It’s not a news, the introduction sequence of Alien is remarkable. Ridley Scott decided to spend a few minutes of the film wandering in an empty spaceship.
The story unfolds from an unanticipated wake up, but we just witness what is not happening before the event.
The sequence showcases the amazing production design: the industrial art by Ron Cobb, the icons (and more) designed by Moëbius. Even if they used technologies from the time of the filming, like CRT screens, this aesthetics became timeless, kind of retrofuturism.
The production was so thought and the fact that the director took the time to share and enjoy the art of the design team is wonderful.
It’s shorter than I remember, just three minutes in reality, but became iconic.
Back to the Future
The cinematography is splendid, the type design of the credits is ageless, the long shots are mastered, it's Zemekis of course. He's not afraid of cutting the long takes when needed.
The sequence is foreshadowing the plot, portraying the characters while depicting the film's subject: the time. And the scene ends with an explosion of 80s Power of love and skateboard.
The Wachowskis proved their editing skills with Cloud of Atlas and Sense8 where the stories stay clear even if they jump between timelines, time zones and characters. But the introduction of Speed Racer is still their most flamboyant example.
Alternating between a present scene where Speed is racing against his big browser’s ghost, figuratively because he left the family and literally as a video game race ghost like and flashbacks presenting Speed.
The -flawless- alternation is classic but the most vivifying thing is the crescendo. The tension is building up and I'm just hooked until the last part. Tough to follow up on this but the film is showing incredible resources.
The sequence is 17 minutes non-stop of introduction to the characters and their traumas and to the unique and unconventional film style, all this during a race. Everything the film is about: race for family and respect.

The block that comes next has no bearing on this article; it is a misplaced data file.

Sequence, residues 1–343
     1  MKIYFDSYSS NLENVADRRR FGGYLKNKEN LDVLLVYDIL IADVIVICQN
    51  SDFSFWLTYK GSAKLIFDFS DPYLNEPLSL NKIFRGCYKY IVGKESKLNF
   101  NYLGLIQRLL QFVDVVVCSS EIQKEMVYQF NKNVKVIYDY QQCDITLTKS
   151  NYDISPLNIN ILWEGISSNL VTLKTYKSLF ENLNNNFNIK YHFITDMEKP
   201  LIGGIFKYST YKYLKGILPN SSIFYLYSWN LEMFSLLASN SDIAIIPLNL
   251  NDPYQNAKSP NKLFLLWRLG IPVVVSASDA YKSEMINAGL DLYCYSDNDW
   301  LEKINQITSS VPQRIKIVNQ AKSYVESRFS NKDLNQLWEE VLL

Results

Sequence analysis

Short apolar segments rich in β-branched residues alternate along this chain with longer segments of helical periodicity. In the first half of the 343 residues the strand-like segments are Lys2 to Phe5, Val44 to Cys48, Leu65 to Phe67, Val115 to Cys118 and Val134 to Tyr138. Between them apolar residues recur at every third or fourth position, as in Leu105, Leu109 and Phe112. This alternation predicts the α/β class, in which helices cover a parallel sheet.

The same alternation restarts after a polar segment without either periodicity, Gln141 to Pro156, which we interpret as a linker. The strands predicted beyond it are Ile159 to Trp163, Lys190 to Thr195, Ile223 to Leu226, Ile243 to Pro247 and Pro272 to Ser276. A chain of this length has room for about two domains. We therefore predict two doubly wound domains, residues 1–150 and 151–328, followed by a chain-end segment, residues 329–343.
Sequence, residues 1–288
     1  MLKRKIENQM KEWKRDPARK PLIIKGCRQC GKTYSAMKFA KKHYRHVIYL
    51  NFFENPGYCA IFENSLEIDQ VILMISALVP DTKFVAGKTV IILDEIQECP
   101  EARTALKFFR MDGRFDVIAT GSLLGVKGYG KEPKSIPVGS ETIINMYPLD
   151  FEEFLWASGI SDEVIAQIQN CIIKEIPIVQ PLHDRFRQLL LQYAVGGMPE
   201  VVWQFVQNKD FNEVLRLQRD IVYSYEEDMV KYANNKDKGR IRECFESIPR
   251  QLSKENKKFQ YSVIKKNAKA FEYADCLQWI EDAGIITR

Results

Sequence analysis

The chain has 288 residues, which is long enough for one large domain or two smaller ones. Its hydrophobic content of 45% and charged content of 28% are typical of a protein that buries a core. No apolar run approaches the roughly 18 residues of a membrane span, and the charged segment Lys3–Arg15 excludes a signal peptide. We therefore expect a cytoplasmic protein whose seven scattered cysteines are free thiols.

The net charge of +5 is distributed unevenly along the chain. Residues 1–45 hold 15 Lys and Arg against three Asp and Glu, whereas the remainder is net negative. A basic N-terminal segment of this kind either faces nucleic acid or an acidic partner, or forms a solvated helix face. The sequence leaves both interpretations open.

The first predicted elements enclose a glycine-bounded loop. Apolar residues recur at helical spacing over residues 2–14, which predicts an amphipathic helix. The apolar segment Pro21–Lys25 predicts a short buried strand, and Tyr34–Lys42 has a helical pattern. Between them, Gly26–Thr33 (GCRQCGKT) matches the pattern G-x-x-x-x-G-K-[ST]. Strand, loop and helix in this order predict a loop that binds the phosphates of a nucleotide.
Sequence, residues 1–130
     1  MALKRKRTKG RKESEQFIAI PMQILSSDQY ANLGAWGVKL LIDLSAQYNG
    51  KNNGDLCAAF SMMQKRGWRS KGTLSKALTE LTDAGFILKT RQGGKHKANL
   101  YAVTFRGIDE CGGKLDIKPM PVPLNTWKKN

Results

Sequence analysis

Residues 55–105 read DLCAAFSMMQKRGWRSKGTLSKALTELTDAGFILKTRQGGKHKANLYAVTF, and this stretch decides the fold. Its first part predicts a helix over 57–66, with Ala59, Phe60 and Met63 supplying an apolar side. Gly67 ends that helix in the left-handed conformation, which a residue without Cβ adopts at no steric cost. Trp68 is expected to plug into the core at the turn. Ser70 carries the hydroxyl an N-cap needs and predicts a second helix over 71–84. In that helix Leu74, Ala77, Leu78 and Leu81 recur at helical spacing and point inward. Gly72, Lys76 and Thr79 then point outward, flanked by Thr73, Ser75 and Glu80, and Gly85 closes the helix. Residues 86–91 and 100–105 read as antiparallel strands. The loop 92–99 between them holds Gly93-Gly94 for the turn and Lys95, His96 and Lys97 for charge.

As the first film of the duo after Matrix, it's a direct hit in the jaw, without any foreplay.
I just love the lines from Amy (Kaitlyn Dever) in the car and how she delivers them, and the stupidly free dance moves after. The short cameo of Maya Rudolph is the cherry on the cake.
Every time, I'm just watching the introduction, I can’t stop until Billie Lourd is yelling, "Keep it down out there!" a few minutes later.
Kung Fu Panda
I'm a geek for animation and I was in art school when the film came out. I studied this animated introduction and try to copy it. It reminds me the work of Genndy Tartakovsky on Samurai Jack but with even more time and/or budget. This balance between traditional 2D animation and computer particles and clothes animation has been rarely matched.
This intro just overcame the rest of the film, which aged poorly in comparison. It was high quality but that's the problem with 3D animation.
I don’t tip and back then, when I watched the film, I didn’t even know what a tip was but this debate about tipping stayed with me until today. This mundane talk with random people starts like a down-to-earth movie until the opening fades into Mr X bleeding and moaning in the backseat.
Only small details can give up the gangster side of the group: the suits, Mr Pink, the killing joke.
The cult opening of the men in black walking in the alley with a bad slow motion inspired so many. Easy to find it on a tee-shirt.
Amazing to see that the Tarantino openings aesthetic is already in place.
Tarantino has so many memorable opening scenes but the travelling from Jacky Brown resembles the opening of The Graduate (1967). Simon & Garfunkel's music, a zoom out shot in the plane and "one shot" on the moving walkway.
And the film ends with an incredible last shot, mixing hope, jubilation and meaninglessness, reprising the Sound of Silence.
Another example of mirrored music, this time with Max Richter.
The trivia is that it was a temp track but none of Jóhann Jóhannsson’s attempts convince Villeneuve to replace it.
The end reflects the beginning with the same shot, same music. It’s an easy way to close a story but matches smartly the concept of the alien language in the movie.
This music is magic, perfect to wake up in a good mood, and Sam Rockwell's dance moves are pretty nice.
I also think about Apocalypse Now and The Door’s This is the end. Funny for an intro, which is not funny at all.
The opening credits mixing music and slow motion of Watchmen. It’s almost the only original addition in this straight up adaptation of the comics.
I love the soundtrack by Daft Punk for Tron legacy. Weirdly, my favourite part of the film is everything outside the computer world and mainly the beginning, the instalment of the story and what happens since the first episode.
I took the luxury to skip the introduction in a post about introductions but I'll try to conclude.
The opening has to deliver the keys to comprehend the universe of the fiction. It has to introduce a tone, a style of narration, a world with its own new rules, characters and places.
It can be silent or dialogue heavy, truthful to the rest of the movie or not, personally, if I'm not hooked after it, it’s missing the point.
All films introductions I like hold the core feeling of what the film wants to tell: a hero’s dream or despair, a a yet untold world to explore, ….
Convey this very essence while welcoming the spectator is the purpose of the introduction.